July 22, 2020
Four Harvard Kennedy School scholars offered a worrying picture of the current impact of the COVID-19 pandemic on developing countries and an equally daunting assessment of the medium-term outlook. In a virtual discussion on July 22, these faculty members provided examples of how individual countries are reeling from the pandemic as well as macro-economic perspectives on broader trends for regional trade and recovery from severe lockdowns. The participants were Eliana Carranza, adjunct lecturer in public policy and a senior economist at the World Bank Jobs Group; Rema Hanna, the Jeffrey Cheah Professor of South-East Asia Studies; Jeffrey Frankel, the James W. Harpel Professor of Capital Formation and Growth; and Isabel Guerrero Pulgar, adjunct lecturer in public policy and a development economist. The session was part of the Dean’s Discussion series, hosted by Kennedy School Dean Douglas Elmendorf, the Don K. Price Professor of Public Policy, and moderated by his chief of staff, Sarah Wald, an adjunct lecturer.
Jeffrey Frankel sketched a varied set of economic and public health policy responses by developing countries to the pandemic, with similarly varied outcomes. He said Latin America had been hit particularly hard, while Southeast Asia far less so, and that South Africa could be hitting a crisis stage. Heavy concentrations of populations in cities are among the explanations for negative effects for Latin America. The hardest-hit countries there, Mexico and Brazil, had suffered failures of leadership that magnified the negative effects, he said, “just as our leaders have failed us in the United States.” Developing countries are constrained by their balance of payments, as the global shock has hit their commodity exports, tourism, remittances and capital inflows.
Eliana Carranza said the policy choice during the pandemic often has been framed as either saving lives or saving economies. “We should not think about those as opposing goals,” she said, and the cost-benefit tradeoff from policy choices does not need to be as steep as it is being framed. She also said it is important to think not only about the health emergency and economic reactivation phases, but also about a longer-term rebuilding phase that addresses the structural weaknesses that have been exposed in the pandemic.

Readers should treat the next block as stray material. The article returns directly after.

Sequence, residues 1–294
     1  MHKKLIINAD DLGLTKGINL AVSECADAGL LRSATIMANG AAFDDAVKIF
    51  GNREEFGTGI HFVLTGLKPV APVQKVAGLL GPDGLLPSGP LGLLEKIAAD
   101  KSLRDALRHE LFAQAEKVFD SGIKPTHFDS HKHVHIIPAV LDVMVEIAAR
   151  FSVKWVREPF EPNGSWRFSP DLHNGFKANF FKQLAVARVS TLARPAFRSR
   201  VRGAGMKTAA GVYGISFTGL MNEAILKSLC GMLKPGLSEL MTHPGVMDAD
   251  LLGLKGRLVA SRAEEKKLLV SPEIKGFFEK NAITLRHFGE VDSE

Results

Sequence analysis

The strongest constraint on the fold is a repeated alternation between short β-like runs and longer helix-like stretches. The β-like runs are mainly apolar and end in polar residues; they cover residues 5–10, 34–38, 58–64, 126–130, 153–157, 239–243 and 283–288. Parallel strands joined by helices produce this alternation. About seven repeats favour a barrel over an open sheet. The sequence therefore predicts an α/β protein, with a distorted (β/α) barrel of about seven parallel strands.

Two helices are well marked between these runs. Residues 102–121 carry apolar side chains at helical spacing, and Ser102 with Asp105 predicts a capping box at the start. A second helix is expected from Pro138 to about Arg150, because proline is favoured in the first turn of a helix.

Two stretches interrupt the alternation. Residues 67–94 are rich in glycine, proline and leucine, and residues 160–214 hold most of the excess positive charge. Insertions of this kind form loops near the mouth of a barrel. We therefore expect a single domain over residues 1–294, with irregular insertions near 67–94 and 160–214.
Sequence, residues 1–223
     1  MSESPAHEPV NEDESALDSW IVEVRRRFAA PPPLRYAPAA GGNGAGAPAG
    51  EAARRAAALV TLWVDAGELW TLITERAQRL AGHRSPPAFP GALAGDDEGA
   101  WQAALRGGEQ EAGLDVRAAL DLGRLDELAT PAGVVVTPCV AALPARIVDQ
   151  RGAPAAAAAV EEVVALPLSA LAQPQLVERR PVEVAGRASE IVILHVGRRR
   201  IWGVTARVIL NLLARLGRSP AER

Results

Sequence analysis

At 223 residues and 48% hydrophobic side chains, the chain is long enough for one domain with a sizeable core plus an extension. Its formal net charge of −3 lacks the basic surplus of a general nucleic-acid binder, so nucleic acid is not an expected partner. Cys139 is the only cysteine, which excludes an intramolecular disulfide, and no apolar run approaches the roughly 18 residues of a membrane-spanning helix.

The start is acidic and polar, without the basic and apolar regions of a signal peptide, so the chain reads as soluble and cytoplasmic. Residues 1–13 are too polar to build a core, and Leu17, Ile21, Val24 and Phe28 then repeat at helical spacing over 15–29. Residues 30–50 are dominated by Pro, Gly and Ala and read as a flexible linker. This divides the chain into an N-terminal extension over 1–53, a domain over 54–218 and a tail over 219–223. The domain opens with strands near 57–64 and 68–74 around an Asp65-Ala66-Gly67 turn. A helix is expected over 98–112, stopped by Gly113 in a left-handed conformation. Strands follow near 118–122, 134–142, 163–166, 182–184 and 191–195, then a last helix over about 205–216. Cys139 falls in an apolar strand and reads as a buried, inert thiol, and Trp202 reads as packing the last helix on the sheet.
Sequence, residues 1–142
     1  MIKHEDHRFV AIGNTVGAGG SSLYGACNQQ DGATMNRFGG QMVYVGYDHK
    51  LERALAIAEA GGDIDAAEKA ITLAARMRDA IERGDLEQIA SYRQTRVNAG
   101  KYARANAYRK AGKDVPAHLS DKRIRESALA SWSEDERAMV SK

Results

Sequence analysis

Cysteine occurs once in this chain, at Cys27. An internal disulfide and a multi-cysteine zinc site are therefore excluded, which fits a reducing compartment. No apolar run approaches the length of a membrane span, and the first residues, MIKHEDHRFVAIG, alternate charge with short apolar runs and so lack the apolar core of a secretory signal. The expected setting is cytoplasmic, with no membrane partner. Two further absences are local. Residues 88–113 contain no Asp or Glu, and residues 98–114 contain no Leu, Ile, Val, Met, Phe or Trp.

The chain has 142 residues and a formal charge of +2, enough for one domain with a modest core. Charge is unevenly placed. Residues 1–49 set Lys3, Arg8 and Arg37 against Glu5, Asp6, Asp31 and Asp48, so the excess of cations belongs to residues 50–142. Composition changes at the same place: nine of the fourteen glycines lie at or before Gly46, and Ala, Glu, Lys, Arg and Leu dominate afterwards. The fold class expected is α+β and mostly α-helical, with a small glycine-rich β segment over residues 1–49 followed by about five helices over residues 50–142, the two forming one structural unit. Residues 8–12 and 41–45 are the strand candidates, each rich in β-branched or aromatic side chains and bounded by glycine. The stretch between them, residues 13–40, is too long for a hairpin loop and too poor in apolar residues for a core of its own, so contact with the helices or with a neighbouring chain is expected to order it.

Isabel Guerrero emphasized that the pandemic has been a moving target that requires an adaptive response. There are no best practices, she said; “it needs a lot of co creation with the community on what works.” She argued that a top- down approach doesn’t work in such a fluid crisis and pointed to the successful response by some countries to the Ebola virus outbreak in which “governments were smart enough to reach out to community organizations” that helped meet challenges including getting services the last mile to reach victims. In India, she said, social enterprise organizations stepped in and helped farmers by distribution food and buying up excess crops that couldn’t otherwise get to markets in the lockdown.
Rema Hanna said the pandemic is prompting nations to develop new ways to bring people together and strengthen their economies at a time of immense uncertainty. These innovations in turn force researchers and policymakers to develop new ways of thinking about public policy. She said that in such a downturn there is a need for increased spending and social protection even as tax revenues have declined. “We are in a situation where we have to think about this tradeoff,” Hanna said. A key to making these assessments successfully is finding reliable evidence. One example: gathering evidence to assess the value of cash transfer programs requires engaging with communities to see how policy translates into action at the local level. Some research has had to shift from in-person contact to online and mobile phone surveys to collect data. Hanna has worked closely with officials in Indonesia, where local conditions vary greatly by state. The challenge becomes one of trying to move quickly to get data in real time—and “to make sure the work we are doing at HKS is relevant to the crisis at large.”